As a cat owner, you probably don't want to think about what you'll have to do when your loving companion comes to the end of his life. But once the end approaches, you may start to wonder how you should take care of your cat's remains in a fiscally and environmentally responsible way. Cremation may be the answer you are looking for.
Convenience of the Veterinarian's Office
Some larger pet hospitals--where your cat may be spending her final day if her condition requires euthanasia--may have on-site cremation facilities. Smaller vets will probably send a deceased cat out to a cremation service if you request the option after he is put to sleep. According to the RSCPA's website, a pet hospital with an on-site crematorium charges £32 per animal.
Pet Cremation Service
Pet cremation has become its own separate business and is a popular way to memorialise your cat. Prices for cat cremation vary from £58 to £84 or more, depending on the area of the country, if pick up by the company is involved, and whether you pay for an urn (another £16) or other mementos such as paw prints.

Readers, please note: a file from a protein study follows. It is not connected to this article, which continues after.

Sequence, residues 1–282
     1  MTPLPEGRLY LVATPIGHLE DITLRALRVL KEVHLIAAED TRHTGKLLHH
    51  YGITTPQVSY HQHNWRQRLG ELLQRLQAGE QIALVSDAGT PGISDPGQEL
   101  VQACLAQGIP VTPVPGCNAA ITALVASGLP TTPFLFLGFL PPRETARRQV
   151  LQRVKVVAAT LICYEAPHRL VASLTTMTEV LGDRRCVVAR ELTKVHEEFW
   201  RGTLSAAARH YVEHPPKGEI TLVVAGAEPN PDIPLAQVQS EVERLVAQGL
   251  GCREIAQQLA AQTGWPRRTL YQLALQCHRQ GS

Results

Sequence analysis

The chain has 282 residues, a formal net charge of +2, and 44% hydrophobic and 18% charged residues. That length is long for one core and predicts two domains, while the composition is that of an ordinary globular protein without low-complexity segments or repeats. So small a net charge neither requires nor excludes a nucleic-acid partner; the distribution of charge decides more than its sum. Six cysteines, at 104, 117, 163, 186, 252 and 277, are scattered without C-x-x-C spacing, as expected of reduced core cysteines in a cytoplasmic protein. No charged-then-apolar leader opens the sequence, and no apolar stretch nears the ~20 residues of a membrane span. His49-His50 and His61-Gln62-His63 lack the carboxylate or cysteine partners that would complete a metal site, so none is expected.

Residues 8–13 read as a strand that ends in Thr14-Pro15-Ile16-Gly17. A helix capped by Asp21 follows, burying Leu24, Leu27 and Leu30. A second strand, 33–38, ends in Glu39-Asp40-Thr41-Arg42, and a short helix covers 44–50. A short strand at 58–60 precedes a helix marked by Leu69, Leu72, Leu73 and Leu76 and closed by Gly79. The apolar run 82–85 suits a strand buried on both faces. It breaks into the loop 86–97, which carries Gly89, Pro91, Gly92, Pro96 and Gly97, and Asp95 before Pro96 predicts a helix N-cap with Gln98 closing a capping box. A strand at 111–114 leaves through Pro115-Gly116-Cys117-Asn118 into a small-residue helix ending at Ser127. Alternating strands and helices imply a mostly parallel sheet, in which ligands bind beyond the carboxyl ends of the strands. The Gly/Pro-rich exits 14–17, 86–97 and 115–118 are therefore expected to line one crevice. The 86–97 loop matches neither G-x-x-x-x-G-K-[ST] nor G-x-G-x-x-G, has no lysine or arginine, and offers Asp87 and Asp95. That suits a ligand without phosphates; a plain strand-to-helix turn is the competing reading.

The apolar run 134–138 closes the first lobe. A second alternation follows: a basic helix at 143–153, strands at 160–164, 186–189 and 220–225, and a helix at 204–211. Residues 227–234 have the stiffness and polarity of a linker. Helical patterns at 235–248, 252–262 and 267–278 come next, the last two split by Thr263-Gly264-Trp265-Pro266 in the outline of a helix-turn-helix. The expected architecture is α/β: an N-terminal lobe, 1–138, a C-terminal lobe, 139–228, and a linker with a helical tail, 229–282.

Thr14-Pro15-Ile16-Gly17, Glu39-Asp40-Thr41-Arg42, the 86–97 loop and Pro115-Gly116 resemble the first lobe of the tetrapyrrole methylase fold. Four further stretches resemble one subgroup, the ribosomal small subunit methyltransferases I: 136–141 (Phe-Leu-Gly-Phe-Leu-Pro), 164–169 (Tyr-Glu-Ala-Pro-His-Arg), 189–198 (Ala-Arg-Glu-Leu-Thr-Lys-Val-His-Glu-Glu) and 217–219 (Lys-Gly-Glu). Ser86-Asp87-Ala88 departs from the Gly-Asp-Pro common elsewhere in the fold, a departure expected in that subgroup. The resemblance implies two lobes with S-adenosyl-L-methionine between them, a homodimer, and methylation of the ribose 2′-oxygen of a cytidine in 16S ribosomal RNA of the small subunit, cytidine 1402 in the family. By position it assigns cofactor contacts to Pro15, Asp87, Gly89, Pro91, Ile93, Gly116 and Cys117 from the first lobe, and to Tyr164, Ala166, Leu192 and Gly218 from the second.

Is Cremation Less Expensive Than Burial?
If you have your own land, you are generally permitted to bury your cat in the ground, but make sure the ground isn't too hard before you attempt it. You don't want other animals digging up the remains if they are near the surface. Compared to the option of a free home burial, cremation will always be more expensive but at least you don't have to worry about decomposition.
The most expensive burial option is a pet cemetery, which may charge £325 for a space for a small animal such as a cat, plus the cost of a £58 casket, according to petguardian.com. The advantage of a pet cemetery is that even if you move, you'll be able to visit your cat's grave to remember the good times you shared. Pet cemeteries also accept cremated remains.
Remember the Good Times
For many people, the method of burial is less important than the fond memories of the time you spent with your cat while he was alive. If you are one of these people, the least expensive option if you can't dig a grave on your own property is communal cremation, which may cost as little as £16 at an animal control facility.